These endless battles that Kyrii fights, using his special weapon, a “graviton beam emitter” are of course necessary to the genre, but do become tedious and a tad juvenile in their bravado, grimacing, chortling, and repetition (Nihei 311). They also open up the mystery of how any of humanity is still alive: every person but Cibo—his eventually partner—ends up being killed by him or arriving “administration” enforcers. There is something odd about how little we see signs of families, culture, or art, all of which would have to come in some form for humanity to perpetuate. Though they do appear later in the series, in the first book, they are almost completely absent.

Nehei, 2016

            The most dystopian element of the story is that everyone but Kyrii is an anti-hero, and totally trapped in this artificial space. In the end of the first book, he reaches a civilization of “Bio-Engineers” who operate on a strict technological hierarchy: those with knowledge of bioengineering at the top can force the workers to do whatever they like: if they resist, they are killed, and more are grown to replace them (330). The gap between the weapons of the bio-engineer leadership and its slaves is so great that no successful rebellion or resistance is possible. Even Kyrii is unable to harm them with his gun that can shoot through any (apparently) material, and only defeats them with Cibo’s insider hacking (Nihei 378). Worse, there isn’t even a conception of how this unequal society mirrors those from the past, or how to learn from them. Both the oppression and the resistance are bootless because neither side will ever escape the level they are trapped in, or access the highest AI to get humanity started again.

            Both what is compelling and limiting about the series is its possibility and unlikelihood. Many AI scientists and sci-fi writers have warned of this potentiality, which is why we have a “Paperclip AI” scenario in the first place. However, in that original scenario, humanity is all destroyed. This is the limitation: why does this megastructure have an atmosphere? Why does it have light, heat, or any way to grow food? At first this seems nonsensical, but it could also be that these are remnants of the original programming: build and build, but keep the environment acceptable to humans. And this is where it is almost not dark enough: there doesn’t seem to be many humans aware of how great the folly was that got them to this place. The title of the series may hint at this deeper theme: overcoming this folly is the whole point of the adventure. But there is almost no longing for the past by any characters. Maybe this is a deeper cynicism; they have all become so trapped and forgotten that any longing has long since died out, as has any memory, even in misunderstood myth or ritual, of this great mistake. In this way, it pushes beyond other post-apocalyptic works, such as Riddley Walker. And it is this level of forgetting, this tragedy of loss of history, which really appeals to me, and is part of the draw of the apocalyptic and dystopian genre for so many people. We cannot help but imagine a worse place, the ultimate bad place, and we’re drawn to taking it as close to apocalypse as possible, while keeping some of humanity alive so as to have any narrative at all. In this way we illuminate what hope we still have for a better future, and engender appreciation for the lives we have, however imperfect.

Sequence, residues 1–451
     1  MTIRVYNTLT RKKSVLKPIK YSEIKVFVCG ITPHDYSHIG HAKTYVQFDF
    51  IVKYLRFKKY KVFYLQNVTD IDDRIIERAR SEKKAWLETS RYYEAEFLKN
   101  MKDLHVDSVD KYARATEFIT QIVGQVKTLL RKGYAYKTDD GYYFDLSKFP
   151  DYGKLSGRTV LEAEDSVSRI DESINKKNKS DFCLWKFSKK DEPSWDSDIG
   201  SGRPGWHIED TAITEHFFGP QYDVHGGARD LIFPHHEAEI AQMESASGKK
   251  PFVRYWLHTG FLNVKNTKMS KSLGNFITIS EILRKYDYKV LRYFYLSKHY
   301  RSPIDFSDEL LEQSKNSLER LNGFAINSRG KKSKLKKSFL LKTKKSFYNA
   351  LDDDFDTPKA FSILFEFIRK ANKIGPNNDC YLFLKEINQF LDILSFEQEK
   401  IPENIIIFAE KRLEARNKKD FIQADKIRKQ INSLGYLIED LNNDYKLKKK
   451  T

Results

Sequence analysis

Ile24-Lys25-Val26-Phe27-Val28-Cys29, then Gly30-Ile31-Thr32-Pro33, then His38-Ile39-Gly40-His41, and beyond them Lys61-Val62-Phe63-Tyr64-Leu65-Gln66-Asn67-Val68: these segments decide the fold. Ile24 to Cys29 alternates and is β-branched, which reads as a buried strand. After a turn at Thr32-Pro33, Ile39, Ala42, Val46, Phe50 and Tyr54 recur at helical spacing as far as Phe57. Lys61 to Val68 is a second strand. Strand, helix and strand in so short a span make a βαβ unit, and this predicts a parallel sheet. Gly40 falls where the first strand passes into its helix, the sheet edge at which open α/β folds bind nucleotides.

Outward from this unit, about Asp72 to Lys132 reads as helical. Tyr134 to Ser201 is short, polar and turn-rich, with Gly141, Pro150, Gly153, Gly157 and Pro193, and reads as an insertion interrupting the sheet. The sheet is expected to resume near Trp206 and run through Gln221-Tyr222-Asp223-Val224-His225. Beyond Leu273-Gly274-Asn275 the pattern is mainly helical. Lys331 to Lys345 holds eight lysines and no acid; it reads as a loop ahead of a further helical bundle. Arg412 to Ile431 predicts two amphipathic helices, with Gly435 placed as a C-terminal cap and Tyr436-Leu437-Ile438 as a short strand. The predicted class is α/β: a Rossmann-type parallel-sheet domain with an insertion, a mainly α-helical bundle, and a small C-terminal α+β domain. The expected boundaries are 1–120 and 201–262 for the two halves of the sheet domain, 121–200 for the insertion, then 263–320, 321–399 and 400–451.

Nihei, 2016

Work Cited

Bostrom, Nick. Superintelligence. Oxford, 2014.

Nihei, Tsutomu. Blame! No. 1, Master Edition. Vertical Comics. Trans: Melissa Tanaka, 2016.